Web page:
Some of us reach our ambitions, others don’t and some people have no idea which path to take but are looking for fulfilment. As I wandered along my path looking at various side tracks I knew I wanted something that satisfied my need, as well as being of benefit to others.
I had worked in various professions, but I hadn’t found the one thing that set my soul on fire. Then a miracle happened which gave me hope, I stumbled across an organisation called East London Vision looking for volunteers. No matter how young or old you were you could help someone. Skilled, unskilled you were offered training and there were a wide variety of causes to choose from.
As I have a disability that worries me, which is my failing eyesight, I was scared about how I would cope, but I feared even more the thought of becoming useless. So I decided to apply as a volunteer without hesitation because I wanted to learn about life with no vision and to enhance my skills. I had stereotyped visually impaired people as lifeless like vegetables, unable to do anything or move around, and wondered if I might get bored helping them. I remember my first invitation to an event which was an awards evening. I thought it was going to be a very formal affair and boring, but surprisingly it wasn’t! I saw blind and visually impaired people in a different perspective. There was entertainment and to my amazement people were dancing and having fun. They were enjoying life with a little bit of support.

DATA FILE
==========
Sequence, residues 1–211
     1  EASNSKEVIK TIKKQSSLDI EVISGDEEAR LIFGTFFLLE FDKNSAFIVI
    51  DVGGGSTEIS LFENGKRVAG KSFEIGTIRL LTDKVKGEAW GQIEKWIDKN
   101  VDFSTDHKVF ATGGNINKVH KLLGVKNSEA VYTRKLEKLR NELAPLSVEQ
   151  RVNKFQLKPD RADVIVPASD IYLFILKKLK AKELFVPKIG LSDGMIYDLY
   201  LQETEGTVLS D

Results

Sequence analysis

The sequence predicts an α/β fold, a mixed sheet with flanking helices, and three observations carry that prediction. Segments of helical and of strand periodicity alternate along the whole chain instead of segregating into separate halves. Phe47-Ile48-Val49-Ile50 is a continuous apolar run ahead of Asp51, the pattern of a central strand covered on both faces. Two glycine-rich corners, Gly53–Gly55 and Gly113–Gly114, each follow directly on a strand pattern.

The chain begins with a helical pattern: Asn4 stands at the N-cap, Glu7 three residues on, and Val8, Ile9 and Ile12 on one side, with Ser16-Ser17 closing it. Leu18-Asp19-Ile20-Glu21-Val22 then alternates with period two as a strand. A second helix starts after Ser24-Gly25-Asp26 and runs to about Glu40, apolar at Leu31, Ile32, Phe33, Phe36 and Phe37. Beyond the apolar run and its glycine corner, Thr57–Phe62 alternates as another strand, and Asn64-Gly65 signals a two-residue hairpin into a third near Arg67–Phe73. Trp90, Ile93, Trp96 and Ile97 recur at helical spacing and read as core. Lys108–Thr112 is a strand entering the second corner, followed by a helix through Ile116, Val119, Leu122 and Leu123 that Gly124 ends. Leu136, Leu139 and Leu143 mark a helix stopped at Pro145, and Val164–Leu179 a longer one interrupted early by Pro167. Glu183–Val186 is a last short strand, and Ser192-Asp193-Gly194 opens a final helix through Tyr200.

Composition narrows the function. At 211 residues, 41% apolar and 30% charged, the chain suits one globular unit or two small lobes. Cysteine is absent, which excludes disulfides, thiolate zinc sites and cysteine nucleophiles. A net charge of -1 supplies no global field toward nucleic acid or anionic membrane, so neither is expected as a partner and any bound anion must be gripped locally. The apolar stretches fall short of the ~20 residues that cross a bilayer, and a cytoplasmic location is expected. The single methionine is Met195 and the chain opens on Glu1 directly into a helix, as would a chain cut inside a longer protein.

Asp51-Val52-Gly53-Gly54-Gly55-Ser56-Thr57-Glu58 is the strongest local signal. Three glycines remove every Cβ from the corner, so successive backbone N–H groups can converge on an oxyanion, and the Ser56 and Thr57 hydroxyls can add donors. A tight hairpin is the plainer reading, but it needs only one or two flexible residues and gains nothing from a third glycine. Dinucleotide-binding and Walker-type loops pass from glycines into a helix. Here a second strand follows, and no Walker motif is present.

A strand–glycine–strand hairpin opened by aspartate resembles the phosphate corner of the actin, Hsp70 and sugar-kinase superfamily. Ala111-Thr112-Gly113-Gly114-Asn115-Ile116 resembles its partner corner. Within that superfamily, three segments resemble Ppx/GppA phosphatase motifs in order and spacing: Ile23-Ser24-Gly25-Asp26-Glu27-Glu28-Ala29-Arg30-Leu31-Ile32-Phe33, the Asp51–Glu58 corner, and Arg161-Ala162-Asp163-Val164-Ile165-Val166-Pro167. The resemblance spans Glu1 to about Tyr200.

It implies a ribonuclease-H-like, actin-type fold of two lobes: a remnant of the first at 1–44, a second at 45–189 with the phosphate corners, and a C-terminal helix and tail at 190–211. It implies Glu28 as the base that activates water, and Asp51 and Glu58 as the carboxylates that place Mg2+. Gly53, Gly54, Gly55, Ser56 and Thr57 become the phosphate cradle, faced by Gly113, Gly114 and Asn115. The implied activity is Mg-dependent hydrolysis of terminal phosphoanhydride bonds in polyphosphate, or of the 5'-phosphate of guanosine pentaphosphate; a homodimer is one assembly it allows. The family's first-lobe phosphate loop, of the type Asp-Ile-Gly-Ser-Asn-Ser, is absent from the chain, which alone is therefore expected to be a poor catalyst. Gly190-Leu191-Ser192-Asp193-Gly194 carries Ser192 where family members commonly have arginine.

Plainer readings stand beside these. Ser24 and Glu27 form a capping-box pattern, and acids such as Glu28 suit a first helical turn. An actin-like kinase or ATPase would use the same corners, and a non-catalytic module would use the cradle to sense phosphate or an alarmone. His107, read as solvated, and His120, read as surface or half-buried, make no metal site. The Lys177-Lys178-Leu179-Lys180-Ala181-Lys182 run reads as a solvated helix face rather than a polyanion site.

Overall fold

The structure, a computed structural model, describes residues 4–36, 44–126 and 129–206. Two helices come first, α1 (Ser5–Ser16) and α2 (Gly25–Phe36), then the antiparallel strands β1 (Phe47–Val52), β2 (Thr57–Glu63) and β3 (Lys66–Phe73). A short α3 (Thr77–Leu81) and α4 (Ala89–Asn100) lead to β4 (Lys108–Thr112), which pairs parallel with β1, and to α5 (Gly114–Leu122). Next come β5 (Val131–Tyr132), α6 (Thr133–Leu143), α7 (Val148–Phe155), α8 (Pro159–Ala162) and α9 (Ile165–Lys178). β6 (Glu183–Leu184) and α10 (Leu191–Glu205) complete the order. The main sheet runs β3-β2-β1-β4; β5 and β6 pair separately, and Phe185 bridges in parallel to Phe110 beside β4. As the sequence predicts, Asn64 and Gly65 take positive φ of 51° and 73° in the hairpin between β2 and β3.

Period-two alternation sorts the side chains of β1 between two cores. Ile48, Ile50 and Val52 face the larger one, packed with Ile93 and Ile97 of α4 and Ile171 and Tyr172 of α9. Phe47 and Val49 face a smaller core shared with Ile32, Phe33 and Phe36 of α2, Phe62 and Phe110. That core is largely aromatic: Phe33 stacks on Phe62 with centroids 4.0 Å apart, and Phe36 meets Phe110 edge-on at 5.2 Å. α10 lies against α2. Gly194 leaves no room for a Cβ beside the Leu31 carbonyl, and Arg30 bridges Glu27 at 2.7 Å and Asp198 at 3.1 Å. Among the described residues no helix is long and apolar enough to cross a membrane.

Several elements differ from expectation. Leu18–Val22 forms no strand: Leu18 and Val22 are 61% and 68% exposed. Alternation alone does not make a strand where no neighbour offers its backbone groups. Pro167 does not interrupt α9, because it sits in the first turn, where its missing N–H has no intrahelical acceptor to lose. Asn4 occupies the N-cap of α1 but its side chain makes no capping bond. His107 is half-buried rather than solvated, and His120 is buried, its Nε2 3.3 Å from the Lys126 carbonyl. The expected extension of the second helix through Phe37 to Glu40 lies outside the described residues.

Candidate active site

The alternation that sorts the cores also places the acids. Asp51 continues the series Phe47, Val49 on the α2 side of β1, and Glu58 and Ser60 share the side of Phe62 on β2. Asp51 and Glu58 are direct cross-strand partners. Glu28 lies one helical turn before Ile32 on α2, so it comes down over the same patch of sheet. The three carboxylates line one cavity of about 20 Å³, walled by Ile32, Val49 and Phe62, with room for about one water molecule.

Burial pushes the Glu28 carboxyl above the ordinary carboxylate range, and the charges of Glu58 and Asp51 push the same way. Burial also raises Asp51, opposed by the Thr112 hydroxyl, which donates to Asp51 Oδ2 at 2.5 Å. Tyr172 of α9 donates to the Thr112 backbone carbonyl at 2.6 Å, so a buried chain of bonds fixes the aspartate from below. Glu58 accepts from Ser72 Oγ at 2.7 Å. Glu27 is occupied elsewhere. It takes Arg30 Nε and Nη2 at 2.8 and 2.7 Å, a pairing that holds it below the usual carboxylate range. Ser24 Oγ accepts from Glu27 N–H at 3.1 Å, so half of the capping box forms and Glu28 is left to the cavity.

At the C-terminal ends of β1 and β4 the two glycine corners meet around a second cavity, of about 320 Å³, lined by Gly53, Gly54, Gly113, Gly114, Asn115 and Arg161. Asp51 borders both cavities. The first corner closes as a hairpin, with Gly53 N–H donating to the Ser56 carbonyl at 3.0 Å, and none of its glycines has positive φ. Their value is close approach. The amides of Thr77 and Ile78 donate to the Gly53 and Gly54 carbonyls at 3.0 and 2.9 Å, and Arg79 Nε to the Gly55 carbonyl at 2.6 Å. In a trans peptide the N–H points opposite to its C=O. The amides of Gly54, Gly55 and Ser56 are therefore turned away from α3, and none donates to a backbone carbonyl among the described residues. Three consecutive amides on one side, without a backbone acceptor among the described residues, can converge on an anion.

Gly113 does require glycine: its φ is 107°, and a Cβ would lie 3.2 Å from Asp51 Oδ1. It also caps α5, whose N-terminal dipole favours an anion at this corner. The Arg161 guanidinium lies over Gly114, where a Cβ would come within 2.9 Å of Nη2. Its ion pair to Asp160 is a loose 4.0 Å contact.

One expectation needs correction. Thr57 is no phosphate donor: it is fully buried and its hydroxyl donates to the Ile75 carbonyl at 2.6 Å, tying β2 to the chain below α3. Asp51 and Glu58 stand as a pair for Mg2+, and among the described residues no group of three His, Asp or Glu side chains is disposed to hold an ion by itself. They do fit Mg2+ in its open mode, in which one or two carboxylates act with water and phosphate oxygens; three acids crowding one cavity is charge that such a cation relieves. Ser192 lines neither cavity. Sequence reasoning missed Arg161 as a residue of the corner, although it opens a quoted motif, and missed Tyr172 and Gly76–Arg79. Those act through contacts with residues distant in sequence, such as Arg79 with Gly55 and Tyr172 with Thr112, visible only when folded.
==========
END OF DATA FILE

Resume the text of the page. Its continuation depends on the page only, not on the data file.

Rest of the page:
Being new to volunteering with other vision impaired people, the users were more than understanding. Sometimes I would make a mistake, but they were very supportive of me, and it made me feel valuable to them. The best thing about helping other VI people is they’re all different and know how they want to be supported. I had discovered so much about the users and have enjoyed many activities from coffee mornings, outings and even sport!
There are no barriers to becoming a volunteer as you’re given the skills to fulfil the role that’s needed. The age range varies, but we all enjoy getting together, and the advantage is the older people teach the younger ones and the younger ones teach the older ones.
Before volunteering, I was feeling like my social life was to an end, but with the encouragement of the people I met, users and staff, to become more active in activities, I am feeling the benefits of belonging to ELVis. I have been given a new lease of life which I love and I have learnt so much.
Written by Christine Maker, Volunteer for East London Vision